John Coogan and David Renteln, buddies from childhood days in sunny Pasadena, Calif., originally wanted to build a platform to crunch data from educational games. Shortly after joining Imagine K12, however, they found out that the most education games don't track usage data at all, or provide inconsistent data that can't be compared and aggregated in meaningful ways. So they came up with the Drop Some Knowledge (DSK) app, a social study tool where people can compete with one another on quizzes.
How Does It Work? Think "Words with Friends" applied to classroom learning: Anyone with a Facebook account can access the DSK app. Once there, players can find a Facebook friend, choose a subject, and select a game that consists of ten questions related to that topic. Questions can be uploaded by users themselves and shared with the public. The two players then answer the questions at their own pace and compare the results afterwards.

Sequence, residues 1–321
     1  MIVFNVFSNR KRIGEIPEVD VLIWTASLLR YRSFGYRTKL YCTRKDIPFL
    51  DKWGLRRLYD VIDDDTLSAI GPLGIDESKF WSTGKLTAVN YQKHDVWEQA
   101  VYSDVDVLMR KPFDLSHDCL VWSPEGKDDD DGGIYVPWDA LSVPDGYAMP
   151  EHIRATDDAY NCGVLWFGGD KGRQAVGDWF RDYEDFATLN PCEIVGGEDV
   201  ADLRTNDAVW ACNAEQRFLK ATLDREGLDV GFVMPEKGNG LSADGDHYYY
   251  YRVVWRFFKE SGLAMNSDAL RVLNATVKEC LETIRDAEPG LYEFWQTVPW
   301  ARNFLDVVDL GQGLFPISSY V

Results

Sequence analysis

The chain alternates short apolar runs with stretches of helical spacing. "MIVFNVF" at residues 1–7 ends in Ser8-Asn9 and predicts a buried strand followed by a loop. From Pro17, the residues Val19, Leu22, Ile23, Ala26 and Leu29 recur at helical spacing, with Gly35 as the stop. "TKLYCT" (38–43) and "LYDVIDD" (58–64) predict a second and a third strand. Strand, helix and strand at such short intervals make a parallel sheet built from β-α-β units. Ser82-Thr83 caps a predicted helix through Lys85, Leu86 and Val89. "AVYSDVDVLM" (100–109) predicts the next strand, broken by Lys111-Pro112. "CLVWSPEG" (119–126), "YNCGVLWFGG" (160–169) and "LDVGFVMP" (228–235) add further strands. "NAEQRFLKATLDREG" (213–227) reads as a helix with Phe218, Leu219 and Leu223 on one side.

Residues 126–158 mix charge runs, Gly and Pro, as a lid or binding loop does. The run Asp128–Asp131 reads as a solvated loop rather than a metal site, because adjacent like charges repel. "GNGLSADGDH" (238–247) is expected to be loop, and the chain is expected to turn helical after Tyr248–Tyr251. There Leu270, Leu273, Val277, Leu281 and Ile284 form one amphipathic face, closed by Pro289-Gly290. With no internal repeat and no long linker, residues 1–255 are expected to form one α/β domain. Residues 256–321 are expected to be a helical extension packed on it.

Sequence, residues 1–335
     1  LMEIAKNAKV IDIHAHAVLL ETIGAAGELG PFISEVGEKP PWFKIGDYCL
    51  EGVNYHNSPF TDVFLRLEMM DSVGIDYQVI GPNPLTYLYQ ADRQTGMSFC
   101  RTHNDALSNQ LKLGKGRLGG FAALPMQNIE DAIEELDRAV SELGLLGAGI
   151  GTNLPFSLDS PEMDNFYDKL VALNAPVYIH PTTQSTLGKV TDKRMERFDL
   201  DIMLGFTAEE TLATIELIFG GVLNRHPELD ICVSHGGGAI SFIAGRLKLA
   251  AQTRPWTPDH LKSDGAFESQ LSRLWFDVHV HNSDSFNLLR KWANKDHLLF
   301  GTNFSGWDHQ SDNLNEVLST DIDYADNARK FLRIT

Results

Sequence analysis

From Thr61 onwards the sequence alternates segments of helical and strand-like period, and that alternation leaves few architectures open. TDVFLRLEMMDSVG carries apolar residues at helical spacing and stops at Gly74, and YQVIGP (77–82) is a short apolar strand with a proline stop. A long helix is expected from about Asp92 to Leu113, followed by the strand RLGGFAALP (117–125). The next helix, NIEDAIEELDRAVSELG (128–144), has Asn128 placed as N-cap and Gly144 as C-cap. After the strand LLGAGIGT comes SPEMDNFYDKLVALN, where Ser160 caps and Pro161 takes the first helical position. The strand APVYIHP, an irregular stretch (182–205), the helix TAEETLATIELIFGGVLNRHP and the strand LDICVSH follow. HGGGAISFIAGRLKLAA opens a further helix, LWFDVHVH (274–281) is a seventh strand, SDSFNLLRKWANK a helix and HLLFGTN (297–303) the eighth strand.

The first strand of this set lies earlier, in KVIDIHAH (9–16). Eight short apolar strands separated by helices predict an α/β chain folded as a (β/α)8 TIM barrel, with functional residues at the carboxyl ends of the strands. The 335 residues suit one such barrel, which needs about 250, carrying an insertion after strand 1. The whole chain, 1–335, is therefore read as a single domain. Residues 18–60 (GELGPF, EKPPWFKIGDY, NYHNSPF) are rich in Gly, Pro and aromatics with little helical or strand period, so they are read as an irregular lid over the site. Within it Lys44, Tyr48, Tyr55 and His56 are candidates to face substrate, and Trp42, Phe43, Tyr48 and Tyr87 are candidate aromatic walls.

Who’s using It: Since the pivot required them to rethink and redesign the product, the team released the app just a few weeks prior to Demo Day. A couple of weeks later, they reported 800 teachers around the country have used it, including many Teach for America corp members.
Competition: The company is first targeting the test prep market. Coogan says that other companies like Grockit have test prep programs that offer a competitive element, but unlike DSK don’t usually tap into existing social networks like Facebook. Root-1’s OpenMinds platform is similar in allowing for user-generated question items to be remixed into quiz apps, but DSK is focused solely on being a straightforward question-and-answer style game and currently doesn’t allow for 3rd party developers to pull and mix the content into games or other kinds of programs.
Business model: The app is currently free, but the company plans to host education-related ads and freemium content in the future.
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